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Israel combats the pandemic of Holocaust trivialization

Survivors urge to act against appropriation of their suffering that links COVID-related issues with Holocaust terminology

A man wears a yellow star, known as a Jewish Badge, with the words "not vaccinated" during an anti-vax demonstration protesting the COVID-19 vaccines and the vaccination certificate known as the "Green Passport" in Barcelona, Spain, Dec. 11, 2021. (Photo: Davide Bonaldo/Sipa USA)

Ahead of International Holocaust Remembrance Day, the Combat Antisemitism Movement (CAM) released a comprehensive report revealing the scope of a rising trend of Holocaust trivialization related to the COVID-19 pandemic. 

The study was conducted by Buzzilla, an online and social media monitoring agency, which scanned online content over a two-year period (January 2020-December 2021) from social media platforms such as Facebook, Twitter, Instagram and YouTube. The study also includes scans of news websites, forums and blogs, and user comments on media portals in including English, Spanish, French, Italian, Arabic and Hebrew.

By isolating specific word combinations, the scan identified more than 60 million online references in which the Holocaust and the COVID-19 pandemic were tied together. The majority of those, 57 million, were English references. Hebrew was second place with 2.6 million references, and Spanish third with 2.1 million references.

Over the last two years, Holocaust trivialization has become increasingly mainstream among many politicians, grassroots movements, in the media, and online, representing a distortion of history and a direct affront to the memory of the victims and the dignity of survivors. 

Some of the more high-profile trivializations include politicians from across Europe, the U.S. and Israel making comparisons between pandemic restrictions and Nazi measures against Jews during the Holocaust. “Not Again” daubed on a Holocaust memorial in Germany together with an anti-vaccine sign, and the slogan “Vaccination sets you free” at a demonstration in Poland.

Holocaust survivors from around the world are appalled by these comparisons and are speaking out against the trivialization of the horrors they suffered.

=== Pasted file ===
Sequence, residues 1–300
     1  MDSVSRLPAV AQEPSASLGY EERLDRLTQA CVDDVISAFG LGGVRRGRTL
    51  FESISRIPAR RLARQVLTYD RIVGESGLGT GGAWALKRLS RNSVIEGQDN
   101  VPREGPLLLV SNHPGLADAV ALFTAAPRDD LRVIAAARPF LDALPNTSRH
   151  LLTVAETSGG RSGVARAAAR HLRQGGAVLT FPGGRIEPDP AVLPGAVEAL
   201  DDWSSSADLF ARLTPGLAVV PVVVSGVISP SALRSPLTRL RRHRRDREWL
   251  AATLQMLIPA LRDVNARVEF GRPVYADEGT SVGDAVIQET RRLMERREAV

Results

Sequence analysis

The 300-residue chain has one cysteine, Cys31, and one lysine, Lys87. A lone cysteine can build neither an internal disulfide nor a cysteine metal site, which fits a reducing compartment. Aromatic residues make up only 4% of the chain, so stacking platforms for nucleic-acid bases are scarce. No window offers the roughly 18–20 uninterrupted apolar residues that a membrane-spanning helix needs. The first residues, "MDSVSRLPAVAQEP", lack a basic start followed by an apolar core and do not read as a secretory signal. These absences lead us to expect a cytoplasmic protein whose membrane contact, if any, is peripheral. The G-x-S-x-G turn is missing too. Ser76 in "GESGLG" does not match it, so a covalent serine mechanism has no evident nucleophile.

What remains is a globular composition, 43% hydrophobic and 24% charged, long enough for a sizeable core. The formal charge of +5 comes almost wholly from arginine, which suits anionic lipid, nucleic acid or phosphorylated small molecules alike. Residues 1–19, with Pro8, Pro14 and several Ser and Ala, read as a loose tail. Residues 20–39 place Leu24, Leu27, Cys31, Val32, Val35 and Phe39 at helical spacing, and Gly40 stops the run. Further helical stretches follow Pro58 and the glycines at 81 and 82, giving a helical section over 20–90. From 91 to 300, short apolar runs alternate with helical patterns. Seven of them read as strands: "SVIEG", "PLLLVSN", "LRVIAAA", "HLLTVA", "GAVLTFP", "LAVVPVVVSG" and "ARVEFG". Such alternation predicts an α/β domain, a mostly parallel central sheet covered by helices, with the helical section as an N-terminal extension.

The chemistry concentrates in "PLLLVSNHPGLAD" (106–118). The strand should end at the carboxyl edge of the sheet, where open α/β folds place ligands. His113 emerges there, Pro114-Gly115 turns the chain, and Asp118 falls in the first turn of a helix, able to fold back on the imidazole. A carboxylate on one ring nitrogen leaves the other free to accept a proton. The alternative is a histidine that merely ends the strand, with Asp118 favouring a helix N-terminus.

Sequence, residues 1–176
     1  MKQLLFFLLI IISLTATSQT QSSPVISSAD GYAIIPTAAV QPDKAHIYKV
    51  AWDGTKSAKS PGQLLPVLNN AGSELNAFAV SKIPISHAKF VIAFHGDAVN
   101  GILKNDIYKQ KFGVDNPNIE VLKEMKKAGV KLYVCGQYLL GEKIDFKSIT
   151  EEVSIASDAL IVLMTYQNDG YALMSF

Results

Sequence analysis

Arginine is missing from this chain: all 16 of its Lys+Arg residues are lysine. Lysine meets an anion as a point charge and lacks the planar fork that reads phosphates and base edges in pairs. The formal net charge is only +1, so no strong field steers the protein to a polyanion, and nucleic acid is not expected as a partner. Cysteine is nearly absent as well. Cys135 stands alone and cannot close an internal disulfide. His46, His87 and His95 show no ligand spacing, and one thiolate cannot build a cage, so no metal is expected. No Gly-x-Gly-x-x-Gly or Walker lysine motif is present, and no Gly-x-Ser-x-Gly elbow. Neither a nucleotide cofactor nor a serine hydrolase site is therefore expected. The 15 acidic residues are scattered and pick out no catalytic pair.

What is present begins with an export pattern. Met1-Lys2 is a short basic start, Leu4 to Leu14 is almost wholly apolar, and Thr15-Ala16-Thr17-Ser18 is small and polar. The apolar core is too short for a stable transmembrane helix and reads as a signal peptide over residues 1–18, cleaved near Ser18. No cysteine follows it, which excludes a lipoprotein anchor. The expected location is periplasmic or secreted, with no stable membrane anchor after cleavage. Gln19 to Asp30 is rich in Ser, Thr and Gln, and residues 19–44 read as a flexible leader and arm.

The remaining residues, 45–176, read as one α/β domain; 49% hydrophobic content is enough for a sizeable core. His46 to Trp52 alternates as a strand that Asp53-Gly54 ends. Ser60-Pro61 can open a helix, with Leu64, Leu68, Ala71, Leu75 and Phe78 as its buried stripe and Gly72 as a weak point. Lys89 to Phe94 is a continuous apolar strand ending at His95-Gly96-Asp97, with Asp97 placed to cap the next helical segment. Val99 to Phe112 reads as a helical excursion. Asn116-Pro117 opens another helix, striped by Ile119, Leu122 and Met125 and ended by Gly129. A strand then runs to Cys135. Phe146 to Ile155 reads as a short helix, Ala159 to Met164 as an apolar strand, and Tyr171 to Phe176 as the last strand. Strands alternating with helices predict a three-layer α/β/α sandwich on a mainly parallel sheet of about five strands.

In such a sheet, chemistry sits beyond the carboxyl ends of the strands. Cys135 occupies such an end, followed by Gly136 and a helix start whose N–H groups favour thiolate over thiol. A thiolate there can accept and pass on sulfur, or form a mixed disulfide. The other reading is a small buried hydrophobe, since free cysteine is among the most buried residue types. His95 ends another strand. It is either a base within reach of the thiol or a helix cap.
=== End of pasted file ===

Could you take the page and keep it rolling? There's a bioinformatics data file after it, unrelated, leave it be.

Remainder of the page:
“Those who compare the two do not understand deep enough, and do not know enough about the Holocaust, because there is nothing to compare,” said 84-year-old Holocaust survivor Vera Grossman Kriegel. As a child in Auschwitz, she was subjected to Dr. Mengele’s cruel medical experiments. 

“These were atrocities for which there are no words to describe. In the Holocaust, they sought only to kill people, including with injections. Mengele gave us injections for experiments that did not value human life. We receive shots today to live, whereas in the Holocaust we received them to die.”

Dita Kraus, 93, another Holocaust survivor, expressed similar sentiments. 

“In the Holocaust, they wanted to exterminate the Jews. The ‘Green Pass’ exterminates Jews? That’s simply ridiculous. The comparison is so absurd, it is impossible to compare the Holocaust to anything,” Kraus said. “The Holocaust was unique, nothing is like the industrial-scale extermination of people in gas chambers. Nothing compares to this, and nothing ever will.”

Rabbi Israel Meir Lau, Holocaust survivor, founder of the International March of the Living and president of Yad Vashem Holocaust Remembrance Center, also spoke out about Holocaust trivialization.

“Respect the Holocaust, respect the truth,” Rabbi Lau said. “The Holocaust has no comparison and any attempts to compare the COVID pandemic to the Holocaust is shocking and appalling. Comparing the COVID pandemic to the Holocaust is utter contempt for the Holocaust and for truth itself." 

The CAM report was released a few days before the United Nations General Assembly is set to vote on a historic resolution against Holocaust denial, formulated by Israel’s Permanent Representative to the United Nations Ambassador Gilad Erdan. 

The UN resolution proposes a uniform definition of anti-Semitism and investment in education and awareness. It also urges social media companies to take active steps to combat Holocaust denial and distortion. 

Tal Heinrich is a senior correspondent for both ALL ISRAEL NEWS and ALL ARAB NEWS. She is currently based in New York City. Tal also provides reports and analysis for Israeli Hebrew media Channel 14 News.

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